Sorry about that commenting quirk – we’re hoping to give this platform a bit of an update in the months ahead, so we’ll certainly try to make sure things like this get ironed out.

  • Ros Hodgekiss

    Hi Kathleen, not necessarily – it’s possible to read the entire plain-text version of an HTML email using Mail on Watch. With this in mind, we do suggest keeping your message concise, focused and above all, relevant. While people will likely have patience to read a few paragraphs via the Watch app (then use Handoff to respond if it’s important), I don’t think the Watch is the most practical device for reading long-form text.

  • Jaina

    Almost sounds like, to me, that the plain-text emails are going to be different campaigns to their HTML counterparts rather than being the, erm, counterpart. I often think of the plain text being another version, so both are easy to compare when it comes to reporting and analysis. If wearable tech like this does take off (Yes, I’m in the dubious camp of wearable tech!), it’ll be interesting to see where email on it does go. After all, some wearable tech are in the camp of just showing notifications and less of the actual functionality, as opposed to the Apple Watch.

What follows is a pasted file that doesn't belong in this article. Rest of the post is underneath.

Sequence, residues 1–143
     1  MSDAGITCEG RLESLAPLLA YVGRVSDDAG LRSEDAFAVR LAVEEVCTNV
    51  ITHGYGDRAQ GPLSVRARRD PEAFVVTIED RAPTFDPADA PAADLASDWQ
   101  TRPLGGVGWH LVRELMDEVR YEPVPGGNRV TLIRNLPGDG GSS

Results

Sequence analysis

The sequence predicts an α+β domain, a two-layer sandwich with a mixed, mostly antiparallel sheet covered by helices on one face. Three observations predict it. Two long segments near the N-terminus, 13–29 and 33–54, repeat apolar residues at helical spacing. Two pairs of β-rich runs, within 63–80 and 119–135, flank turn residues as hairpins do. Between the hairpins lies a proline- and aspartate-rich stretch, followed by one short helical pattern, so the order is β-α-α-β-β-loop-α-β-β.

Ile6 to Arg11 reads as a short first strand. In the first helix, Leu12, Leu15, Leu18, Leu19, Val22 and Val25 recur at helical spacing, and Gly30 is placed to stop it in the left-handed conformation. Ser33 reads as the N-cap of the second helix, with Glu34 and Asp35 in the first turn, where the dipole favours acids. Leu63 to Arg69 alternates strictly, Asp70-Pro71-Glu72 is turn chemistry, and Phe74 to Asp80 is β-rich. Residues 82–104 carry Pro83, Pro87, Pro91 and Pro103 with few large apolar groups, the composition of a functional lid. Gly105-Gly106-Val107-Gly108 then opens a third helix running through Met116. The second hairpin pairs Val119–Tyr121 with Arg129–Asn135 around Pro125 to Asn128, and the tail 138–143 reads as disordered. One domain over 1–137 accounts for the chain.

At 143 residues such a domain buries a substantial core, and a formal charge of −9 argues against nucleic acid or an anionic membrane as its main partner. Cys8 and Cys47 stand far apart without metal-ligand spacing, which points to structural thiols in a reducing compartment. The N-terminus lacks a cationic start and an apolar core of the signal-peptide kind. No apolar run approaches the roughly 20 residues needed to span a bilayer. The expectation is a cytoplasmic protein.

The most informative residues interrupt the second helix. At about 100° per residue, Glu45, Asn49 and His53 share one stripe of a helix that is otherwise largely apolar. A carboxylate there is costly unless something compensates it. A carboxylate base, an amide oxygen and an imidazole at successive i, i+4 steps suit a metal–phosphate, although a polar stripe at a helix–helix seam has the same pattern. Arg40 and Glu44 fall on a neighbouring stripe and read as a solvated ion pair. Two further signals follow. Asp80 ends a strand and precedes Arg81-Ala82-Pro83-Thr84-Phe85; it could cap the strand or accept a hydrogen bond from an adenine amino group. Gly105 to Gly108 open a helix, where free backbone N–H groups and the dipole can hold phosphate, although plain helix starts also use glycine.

• Ros Hodgekiss

    Hi Jaina, you raise a really interesting point there about treating the plain-text alternative as a different campaign. If we do see a lot of traction from wearables (and again, it might be hard to measure), we’ll likely see plain-text content perhaps providing the “super-short” version of any given HTML email campaign. We may also see a re-think of how subject lines are structured, for the benefit of devices that only show this in notifications, but don’t let you browse the full text. I anticipate a lot of new best practices to come!

  • Andrew

    Has anyone seen the Apple Watch displaying the plain-text version of an HTML email?

    From what I’ve seen, Mail may display this message in blue – “The full version of this message isn’t available on Apple Watch. But you can read it on your iPhone.”